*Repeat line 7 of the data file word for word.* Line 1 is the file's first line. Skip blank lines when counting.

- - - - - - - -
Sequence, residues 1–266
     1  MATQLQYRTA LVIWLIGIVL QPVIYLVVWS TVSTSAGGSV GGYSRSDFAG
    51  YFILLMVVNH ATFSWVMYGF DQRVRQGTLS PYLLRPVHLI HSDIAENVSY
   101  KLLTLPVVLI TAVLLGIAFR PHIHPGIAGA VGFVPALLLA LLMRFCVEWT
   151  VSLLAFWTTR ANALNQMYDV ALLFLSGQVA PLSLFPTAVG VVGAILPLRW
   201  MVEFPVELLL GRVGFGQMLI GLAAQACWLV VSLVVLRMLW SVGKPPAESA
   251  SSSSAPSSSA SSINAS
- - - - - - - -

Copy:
   251  SSSSAPSSSA SSINAS